After the frenetic activity of last week, it might be understood that Beloved and I decided to rest and relax. We did not. Instead, we packed ourselves and our three daughters and headed to Seattle, Washington, with fourteen of our closest friends, for a total of 5 adults and 14 teenagers.This was for the annual Free Methodist National Bible Quizzing Finals, which were being held this year at Seattle Pacific University.
As you might imagine, traveling with this many people, especially teenagers is fraught with danger, miss-steps and miscues. For the trip out, we made it with only a few minor bumps.
The two people who are always late came early to the meeting and everyone else was on time as well. We got through the TSA checkpoint with only a minimum of trouble. As I was standing at the conveyor putting all of my precious metal into a plastic tub, I heard a mumble behind me. Throughout the years, ignoring mumbles has served me well, getting me out of many an unwanted task. Then I heard it again, a little bit louder, slightly clearer, but still a very distinct mumble.
I broke my “ignore the mumble” rule and turned to see a bald TSA agent looking at me. I inquired politely, “I am sorry; I didn’t hear you; could you say it again?”
He happily obliged, and repeated himself, but still with that delightful dull squawk of Mumble, just like an adult on a Peanuts TV special. I blinked, trying to process what I had just heard. Thankfully, Middlest, who is fluent in both Latin and Mumble translated for me, “Dad, he wants you to put your glasses on.” This was confusing because my glasses were on my head holding my thick mane of hair back away from my stunningly clear blue eyes. At this point, Mr. Bald TSA person, realized I did not speak mumble and spoke in English, “They have to be on your eyes.”
I am not sure what the problem was with glasses on my head, rather than on my eyes, but I think perhaps he was jealous of my thick mane of hair.
Other than that, the rest of the trip to Seattle was uneventful, except for the one quizzer, who inquired why the plane had stopped, while we were still flying at an altitude of thirty-thousand feet with an air speed of around 500mph. Ignoring the obvious fact that if the plane had stopped at thirty-thousand feet we would be plummeting to our deaths, I quipped, “We had to stop for a train.” This seemed to satisfy her curiosity.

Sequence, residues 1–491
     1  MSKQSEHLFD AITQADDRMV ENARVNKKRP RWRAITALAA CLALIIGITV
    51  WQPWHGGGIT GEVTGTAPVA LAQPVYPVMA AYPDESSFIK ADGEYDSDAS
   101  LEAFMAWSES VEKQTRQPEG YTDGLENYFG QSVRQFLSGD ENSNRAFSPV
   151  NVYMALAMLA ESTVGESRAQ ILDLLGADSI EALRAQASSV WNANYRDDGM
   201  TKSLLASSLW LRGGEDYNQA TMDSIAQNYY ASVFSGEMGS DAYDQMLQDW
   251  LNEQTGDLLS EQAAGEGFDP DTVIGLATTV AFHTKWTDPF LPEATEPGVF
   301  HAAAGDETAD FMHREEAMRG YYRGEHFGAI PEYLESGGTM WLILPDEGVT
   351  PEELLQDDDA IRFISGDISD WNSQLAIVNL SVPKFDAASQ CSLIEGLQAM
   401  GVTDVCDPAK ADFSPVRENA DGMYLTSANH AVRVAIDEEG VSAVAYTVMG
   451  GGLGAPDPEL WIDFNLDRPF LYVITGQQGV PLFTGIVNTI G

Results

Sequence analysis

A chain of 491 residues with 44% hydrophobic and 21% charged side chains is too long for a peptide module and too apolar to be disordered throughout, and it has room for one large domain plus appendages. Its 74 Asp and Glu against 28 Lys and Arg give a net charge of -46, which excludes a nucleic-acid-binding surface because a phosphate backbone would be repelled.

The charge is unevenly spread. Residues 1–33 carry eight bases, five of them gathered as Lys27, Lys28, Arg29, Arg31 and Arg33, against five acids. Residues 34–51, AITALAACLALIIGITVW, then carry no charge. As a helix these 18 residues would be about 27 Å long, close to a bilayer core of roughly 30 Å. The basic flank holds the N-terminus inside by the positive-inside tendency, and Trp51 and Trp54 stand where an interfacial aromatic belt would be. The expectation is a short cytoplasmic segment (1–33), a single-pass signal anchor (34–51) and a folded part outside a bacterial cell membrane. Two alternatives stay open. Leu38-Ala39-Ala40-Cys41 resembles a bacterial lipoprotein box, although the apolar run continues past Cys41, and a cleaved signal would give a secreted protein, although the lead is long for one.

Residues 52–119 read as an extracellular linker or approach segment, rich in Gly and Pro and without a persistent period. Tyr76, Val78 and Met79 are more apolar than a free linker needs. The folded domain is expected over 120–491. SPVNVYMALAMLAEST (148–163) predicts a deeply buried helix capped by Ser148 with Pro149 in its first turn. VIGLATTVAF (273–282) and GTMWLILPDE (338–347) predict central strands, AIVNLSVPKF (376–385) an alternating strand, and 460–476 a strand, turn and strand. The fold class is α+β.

Seattle has one of the fastest growing economies and is one of the best cities in the country to start a career. These facts are inextricably linked to the cities topography. Seattle is built on the mountains that descend into the southern reaches of Puget Sound. Since the landscape is so steep, there are no ground floors in local buildings. The buildings I visited start with the first floor and if I walked around and went in the side of the building I was on the second floor, and when I walked to the back of the building, I was on the third floor. Being that there are no ground floors, there are also no ground level entry positions in companies. This is, in my estimation, the reason for the fast-paced growth of jobs in Seattle.
Seattle is known as one of the healthiest cities in the States. As I walked the streets I found a large number of people walking, running, and biking. There is apparently a polite way of doing this. I heard a voice behind me call out, “To the left, to the left.” I turned and there was a 100 lb woman barreling down on me with blood-lust in her eyes as she was about to body slam me and knock me into the ground. I quickly jumped to my right in an act of desperate self preservation. Beloved says I exaggerate and perhaps I do; she may only have weighed in at 90 lbs.
Another thing I noted during my walk. On every other street corner there is a gym, or martial arts dojo, or some other place where people can engage in physical fitness activities. This preoccupation is not just due to some weird confluence of as yet undetermined environmental factors; it is rather a case of self-preservation. In the few short days that I have been in Seattle, I have found that it is very difficult to get anywhere without climbing half a mountain. Thus, for Seattlites, exercise is necessary to maintain Olympic conditioning, just to walk around the block.